Again, that’s an important and admirable dimension of what practice does. In many settings, it allows us to mature and develop, become who we might be. But again, even though that’s something we need to do in practice, it really has nothing to do with our true self or Buddha-nature, as we understand it in Zen. I’ll just add a word about existentialism since I’m in the middle of reading about de Beauvoir and Sartre at the moment. There, she famously says, “One is not born a woman but becomes a woman.” And the becoming is crucial in that kind of existentialist model, where it’s a kind of radically anti-essentialist view. They want to do away with any idea that there is any kind of preformed teleology to being human. They don’t want to say that there is a real inner you, that you just have to add water and it’s going to grow and develop. Rather, what’s crucial is that you have the freedom to choose, make decisions, decide what kind of person you’re going to be and what kinds of things you’re going to do. Their slogan was, “Being precedes essence.” There’s no essential you, and your choices are what define you, not some inner seed that you’re trying to nurture.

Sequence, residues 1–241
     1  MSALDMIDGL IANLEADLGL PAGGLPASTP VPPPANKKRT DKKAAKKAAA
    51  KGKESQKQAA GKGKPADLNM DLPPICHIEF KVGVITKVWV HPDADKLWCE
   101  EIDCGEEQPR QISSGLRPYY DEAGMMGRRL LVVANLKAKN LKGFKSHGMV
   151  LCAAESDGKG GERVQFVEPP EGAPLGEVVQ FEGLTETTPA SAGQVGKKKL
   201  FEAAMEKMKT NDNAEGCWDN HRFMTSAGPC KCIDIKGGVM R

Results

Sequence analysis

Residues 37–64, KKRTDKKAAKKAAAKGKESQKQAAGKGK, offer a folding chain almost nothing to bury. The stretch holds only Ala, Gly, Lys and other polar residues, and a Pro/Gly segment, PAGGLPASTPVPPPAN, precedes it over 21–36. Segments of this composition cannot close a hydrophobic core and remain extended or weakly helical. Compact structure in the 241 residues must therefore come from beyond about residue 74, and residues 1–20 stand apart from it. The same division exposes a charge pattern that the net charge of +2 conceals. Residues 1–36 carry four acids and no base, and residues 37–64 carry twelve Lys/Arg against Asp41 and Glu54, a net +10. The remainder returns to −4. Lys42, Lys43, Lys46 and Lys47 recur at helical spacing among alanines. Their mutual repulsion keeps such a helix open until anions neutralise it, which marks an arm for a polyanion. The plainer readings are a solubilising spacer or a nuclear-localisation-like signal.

And they had a picture of a false self in a way very much like Winnicott, a kind of sense of, in their language, bad faith, which also means something like social-in-combination, a conformity, a kind of go-along, keep your head down, do what everybody expects of you, and you can particularly see in de Beauvoir the sense that all these socially and culturally determined notions of what a woman is supposed to be, and how it requires a lifetime of radical choices to break out of social expectation. So again, it’s a kind of model where it’s much easier to say what the false self is than what the true self is, because the true self doesn’t exist yet, it’s what you’re going to make of yourself.